Fractured Family Life

homecoming_pinterThe Homecoming is not my favorite Harold Pinter play, but almost any Pinter play tends to be better than anything else around, so it is wonderful to have this production on Broadway until April 13. I certainly recommend going. With Daniel Sullivan directing competently, and such fine actors as Ian McShane and Eve Best starring, it is effective in exactly those jolting ways that characterize early Pinter works.

The play is mean, funny, dark, disturbing, and mysterious. It sabotages the family by recognizing it as the perfect unit for delivery of pain and humiliation, the perfect power field on which to destroy or infantilize one’s opponents (who are all the other family members). In early Pinter, say up through 1965 when The Homecoming was first performed in London, the turf war reigns supreme. Here we have a large home in unfashionable North London, inhabited by four men:
Max (brilliant played by McShane), the aging aggressive patriarch; his weaker brother Sam, the chauffer; and Max’s sons, Lenny (in a stinging rendition by Raul Esparza), the procurer; and Joey the slow witted, would-be boxer. Into this all-male environment walks Beth (given a bravura performance by Ms. Best) and her husband Teddy (the oldest son who has been in America teaching philosophy for years) for a surprise “homecoming.” In Pinter such a visit is hardly a pretty prospect.

With the inclusion of a woman in their midst, all hell slowly breaks out in the home. The action involves a kind of mating dance performed by the various male characters when provoked by Ruth, who turns out to be rather ruth-less. Set designer Eugene Lee has created a large, mostly open room, without a lot of distracting stuff, as the playing field for this heated competition. Brief bouts of violence and sexual play tumble through the conventional room.

The only other female character is the long-dead mother, Jesse, who is spoken of a number of times during the play by various characters, in that wonderfully complicated Pinter way in which the “truth,” whatever that is, is always floating just out of reach. Jesse is both “the backbone of the family” and “a slut-bitch of a wife,” as described by her husband Max. If Jesse was in fact the slut she would appear to have been (after Sam admits late in the play that he once drove her around in his car accompanied by close family friend Mac, with whom she fornicated in the back seat), then certainly one theme of this play is betrayal. In fact, the whole action of the play is one betrayal after another: the father of the sons, whom he dominates; the brothers of each other in various games of one-upmanship; Sam of his brother Max and vice versa; and ultimately, Teddy of his wife Ruth by leaving her in this distinctly corrupt family home. Of course he had said of his family when they first arrived and before she had met anyone: “They’re very warm people, really. Very warm. They’re my family. They’re not ogres.”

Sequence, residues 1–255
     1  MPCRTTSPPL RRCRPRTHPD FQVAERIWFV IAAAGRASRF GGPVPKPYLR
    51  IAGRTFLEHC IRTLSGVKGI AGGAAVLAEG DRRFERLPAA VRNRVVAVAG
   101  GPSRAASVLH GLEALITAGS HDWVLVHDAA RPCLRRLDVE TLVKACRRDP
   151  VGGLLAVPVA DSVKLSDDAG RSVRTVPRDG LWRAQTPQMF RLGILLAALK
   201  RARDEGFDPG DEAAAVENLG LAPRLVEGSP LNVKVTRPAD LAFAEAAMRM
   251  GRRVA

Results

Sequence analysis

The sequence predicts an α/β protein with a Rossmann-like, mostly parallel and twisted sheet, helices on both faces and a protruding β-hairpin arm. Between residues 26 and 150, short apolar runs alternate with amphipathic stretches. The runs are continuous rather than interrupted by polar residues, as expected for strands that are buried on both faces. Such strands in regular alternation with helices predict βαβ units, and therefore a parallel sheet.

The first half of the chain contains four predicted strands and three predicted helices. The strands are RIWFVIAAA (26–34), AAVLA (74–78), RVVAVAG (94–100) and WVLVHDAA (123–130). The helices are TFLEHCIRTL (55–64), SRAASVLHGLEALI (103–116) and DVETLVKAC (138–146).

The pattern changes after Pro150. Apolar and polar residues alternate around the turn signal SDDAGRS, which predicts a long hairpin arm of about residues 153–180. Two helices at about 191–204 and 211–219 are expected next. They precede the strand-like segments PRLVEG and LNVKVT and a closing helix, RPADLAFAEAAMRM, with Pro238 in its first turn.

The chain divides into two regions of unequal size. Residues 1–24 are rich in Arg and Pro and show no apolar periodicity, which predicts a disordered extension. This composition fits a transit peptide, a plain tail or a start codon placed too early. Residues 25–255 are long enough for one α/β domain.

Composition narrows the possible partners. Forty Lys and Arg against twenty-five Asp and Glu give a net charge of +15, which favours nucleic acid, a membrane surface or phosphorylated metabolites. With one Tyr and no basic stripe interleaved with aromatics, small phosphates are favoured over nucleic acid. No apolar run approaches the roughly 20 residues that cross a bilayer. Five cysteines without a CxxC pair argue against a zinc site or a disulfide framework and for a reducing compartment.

Since we’ve already experienced the vicious family gang when Teddy makes this remark, the audience laughs uproariously at the outrageous falsity of his characterization. They are in fact ogres. They eat their young or perform some perverse variation of such activity, with hints of child abuse and incest. As Max says to his brother Sam of their family life together, it’s “one flow of stinking pus after another.” If we cast ourselves back to 1965 in America, when we were all still pretending that Leave it to Beaver or Father Knows Best actually represented some version of family reality, then the uncensored horrors of this nameless North London family become all the more blackly humorous.

Pinter is engaged in breaking down certain old, honored value systems in this play: the good mother, the loving father, the loyal brothers. All bunk. His is a dark, destructive vision, although quite furiously funny in places. It’s life as a perilous game, involving significant risks. In many ways this play presents a very ordinary scene, with people seeking food, drink, and a little entertainment, say in the form of watching the horses run, or even just reading a newspaper. But the ordinary generally cloaks the extraordinary in Pinter, just as language, he once said, is “a constant strategem to cover nakedness.” So each character has a different agenda, and what he or she says and does might prove more of an acting out of strategy than a simple expression of need or desire. In games we pretend and wear masks. We hide our true motives. We are all seeking to capture the flag or the pussy or the power. The brightest son might prove to be the weakest. A bully might be reduced to craven begging for a kiss. So it is likely that we can’t see the victors until that moment when the lights go down upon a final, revealing tableau.

At the end of this production of The Homecoming, my friends turned to me and said, “And what was that about?” We proceeded to put forward several quite different interpretations of what we had seen. We talked on as we walked to the subway. As the train came in, one friend admitted that he had no idea what Pinter was getting at. To me, such diversity of response is the perfect theatrical experience. Who needs a play that is so unambiguous that there is nothing to discuss when it is over? – Victoria Sullivan

The Homecoming is playing at the Cort Theatre, 138 West 48th Street, NYC, through April 13, 2008.

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Ms. Sullivan is a poet and playwright who lives in Manhattan and has a little cabin outside of Woodstock, NY. When not brooding, she is generally traveling, writing, or staring at the trees. She also loves to laugh.

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